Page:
Sourcing Products : Episode 2 of the Hustle Lab

As you’ll know if you read the previous instalment, I’m trying out a side hustle – for experimental purposes – which I referred to as auction flipping. I’m buying stuff at auction and selling it, primarily on eBay and Amazon.

The first step in this process is to get stuff to sell, and that’s where the auctions are involved. In this episode, I’ll talk about how I obtained my first two lots of stock and the various challenges and lessons learned in the process.

If you’re reading this and you have some experience to share, I’d be very happy for you to comment below. If this is something you have a lot of experience with, then please reach out if you want to be featured at the end.

I started by doing a little research and I found out that the easiest place for me to get a decent amount of stock was at John Pye Auctions.

John Pye is a kind of low-rent auction house where a lot of defunct stock seems to get offloaded on a regular basis (several times per week). Their website lists a ton of stock being ready for auction in the coming days, and they frequently have large lots of goods that seem to come from hardware, toy and electrical goods stores.

You get everything from fridges to circular saws, wireless keyboards to bicycles.

All of it comes with a nasty little disclaimer:

John Pye Auction Disclaimer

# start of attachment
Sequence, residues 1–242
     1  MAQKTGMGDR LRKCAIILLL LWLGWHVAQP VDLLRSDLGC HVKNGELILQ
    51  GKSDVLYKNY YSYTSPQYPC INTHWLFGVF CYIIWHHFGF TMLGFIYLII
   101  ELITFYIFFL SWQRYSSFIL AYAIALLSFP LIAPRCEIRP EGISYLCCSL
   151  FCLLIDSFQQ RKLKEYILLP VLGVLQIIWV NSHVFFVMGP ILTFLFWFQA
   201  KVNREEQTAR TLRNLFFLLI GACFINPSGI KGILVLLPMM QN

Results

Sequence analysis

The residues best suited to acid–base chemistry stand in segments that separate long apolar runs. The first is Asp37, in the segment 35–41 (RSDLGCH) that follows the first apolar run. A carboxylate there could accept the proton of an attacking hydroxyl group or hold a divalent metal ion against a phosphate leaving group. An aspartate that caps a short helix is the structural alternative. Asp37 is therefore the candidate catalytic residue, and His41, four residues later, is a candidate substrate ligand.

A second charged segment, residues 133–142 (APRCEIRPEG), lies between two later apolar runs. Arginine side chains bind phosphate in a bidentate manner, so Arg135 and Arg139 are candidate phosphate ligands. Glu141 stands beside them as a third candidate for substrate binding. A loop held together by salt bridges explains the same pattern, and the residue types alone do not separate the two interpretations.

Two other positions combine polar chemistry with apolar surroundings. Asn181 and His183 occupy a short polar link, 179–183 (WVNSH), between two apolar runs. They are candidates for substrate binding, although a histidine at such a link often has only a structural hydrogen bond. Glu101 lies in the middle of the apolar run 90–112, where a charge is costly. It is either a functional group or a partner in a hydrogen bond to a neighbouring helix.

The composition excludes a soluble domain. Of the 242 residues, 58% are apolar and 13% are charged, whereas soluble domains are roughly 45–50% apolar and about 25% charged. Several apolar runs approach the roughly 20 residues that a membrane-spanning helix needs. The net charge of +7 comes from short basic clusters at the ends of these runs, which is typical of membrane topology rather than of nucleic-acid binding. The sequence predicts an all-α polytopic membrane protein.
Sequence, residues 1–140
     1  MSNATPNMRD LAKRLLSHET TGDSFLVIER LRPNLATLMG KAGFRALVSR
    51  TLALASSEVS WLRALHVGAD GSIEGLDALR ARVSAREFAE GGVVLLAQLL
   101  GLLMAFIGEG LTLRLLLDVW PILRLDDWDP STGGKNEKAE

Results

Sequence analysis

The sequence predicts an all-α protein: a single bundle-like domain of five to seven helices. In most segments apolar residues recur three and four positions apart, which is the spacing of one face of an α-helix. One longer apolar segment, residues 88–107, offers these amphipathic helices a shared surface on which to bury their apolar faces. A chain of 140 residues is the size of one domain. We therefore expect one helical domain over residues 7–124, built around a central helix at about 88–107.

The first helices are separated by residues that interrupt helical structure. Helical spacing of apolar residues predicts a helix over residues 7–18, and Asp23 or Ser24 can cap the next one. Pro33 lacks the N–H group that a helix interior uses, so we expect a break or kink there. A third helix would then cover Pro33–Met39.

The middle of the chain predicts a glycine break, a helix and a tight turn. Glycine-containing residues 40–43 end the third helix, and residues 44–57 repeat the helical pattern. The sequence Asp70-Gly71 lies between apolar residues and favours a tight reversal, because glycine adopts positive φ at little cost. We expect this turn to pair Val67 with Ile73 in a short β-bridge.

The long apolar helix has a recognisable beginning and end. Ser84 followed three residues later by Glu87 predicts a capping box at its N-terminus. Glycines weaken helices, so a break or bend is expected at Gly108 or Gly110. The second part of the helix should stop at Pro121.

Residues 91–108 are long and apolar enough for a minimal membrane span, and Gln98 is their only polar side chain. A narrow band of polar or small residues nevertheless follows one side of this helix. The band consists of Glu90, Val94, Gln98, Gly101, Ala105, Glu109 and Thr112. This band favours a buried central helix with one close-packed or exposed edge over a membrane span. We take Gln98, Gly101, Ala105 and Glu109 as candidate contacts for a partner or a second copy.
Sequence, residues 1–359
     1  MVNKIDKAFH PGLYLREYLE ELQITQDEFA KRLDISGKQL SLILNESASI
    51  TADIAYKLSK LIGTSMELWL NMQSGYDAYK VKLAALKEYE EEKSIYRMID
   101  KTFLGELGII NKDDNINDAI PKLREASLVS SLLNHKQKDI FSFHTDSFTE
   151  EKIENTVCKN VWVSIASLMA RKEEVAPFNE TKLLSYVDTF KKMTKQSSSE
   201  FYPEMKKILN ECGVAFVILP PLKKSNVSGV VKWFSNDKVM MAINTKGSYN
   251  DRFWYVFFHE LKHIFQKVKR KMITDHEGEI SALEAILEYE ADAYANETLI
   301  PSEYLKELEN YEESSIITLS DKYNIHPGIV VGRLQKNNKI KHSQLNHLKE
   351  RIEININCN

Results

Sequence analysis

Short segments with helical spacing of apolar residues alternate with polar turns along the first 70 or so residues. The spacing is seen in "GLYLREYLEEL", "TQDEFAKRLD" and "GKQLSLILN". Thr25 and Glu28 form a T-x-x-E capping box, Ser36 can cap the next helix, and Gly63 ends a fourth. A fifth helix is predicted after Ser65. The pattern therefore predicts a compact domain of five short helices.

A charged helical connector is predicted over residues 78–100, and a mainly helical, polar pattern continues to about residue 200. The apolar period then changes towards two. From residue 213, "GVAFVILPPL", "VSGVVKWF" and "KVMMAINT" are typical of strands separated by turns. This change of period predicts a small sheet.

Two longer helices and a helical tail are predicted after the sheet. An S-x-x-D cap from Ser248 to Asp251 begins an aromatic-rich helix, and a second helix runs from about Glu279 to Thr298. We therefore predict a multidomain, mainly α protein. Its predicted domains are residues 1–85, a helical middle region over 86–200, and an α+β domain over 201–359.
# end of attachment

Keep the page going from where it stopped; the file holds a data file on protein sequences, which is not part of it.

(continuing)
This is a Public Auction, not a consumer/retail sale – Lots inc. second-hand, returns, ex-display and damaged goods, sold as they lie – Public Viewings are recommended.

Of course the auctions are in far away places and a public viewing is impossible.

The Bidding Process

I put in what I thought were reasonable bids for a few of the items on sale. There’s a minimum efficient amount of stuff to bid on since I have to ship it all at my own cost from the auction site to my home. I want to spread that cost over at least a decent quantity of goods.

I bid on:

  • A TomTom Sports Golfer’s Watch with GPS
  • Two speaker systems for gamers
  • A bunch of “Ring” video doorbells*
  • 5 sets of Sony Headphones
  • Two baby monitors
  • A thrustmaster joystick control system forgamers
  • 4 bids on individual Tello quadcopters
  • One bid on a bundle of 2 Tello quadcopters (oneout of its box)
  • A Kobo e-reader

I got outbid on almost all of it. Some people clearly have a higher appetite for risk than I do.

Since the auctrion hadn’t concluded yet, I went back to the listings and increased my bids in certain places, found a few new items I could be interested in, and did a lot of cross-referencing with prices on eBay and Amazon with the help of a spreadsheet.

The bidding process is actually quite stressful. Everyone focused their attention at the alst minute and since a lot of this stuff is going to end up on eBay or Amazon, everyone has access to the same resale data that I do, only with more experience to interpret it and back it up.

The question I found myself asking was, if the margin on this or that item is only £2.50, how much hassle am I willing to put myself through to make that amount of money? Is it worth the time for me to list, rewrap, address, post and run the risk of damaged goods or returns for such a small amount of money?

If this experience goes well, finding another source of product will be the next step on the journey.

Do I become a Ninja Luxury Handbag Trader?

Watch this space… stranger things have happened.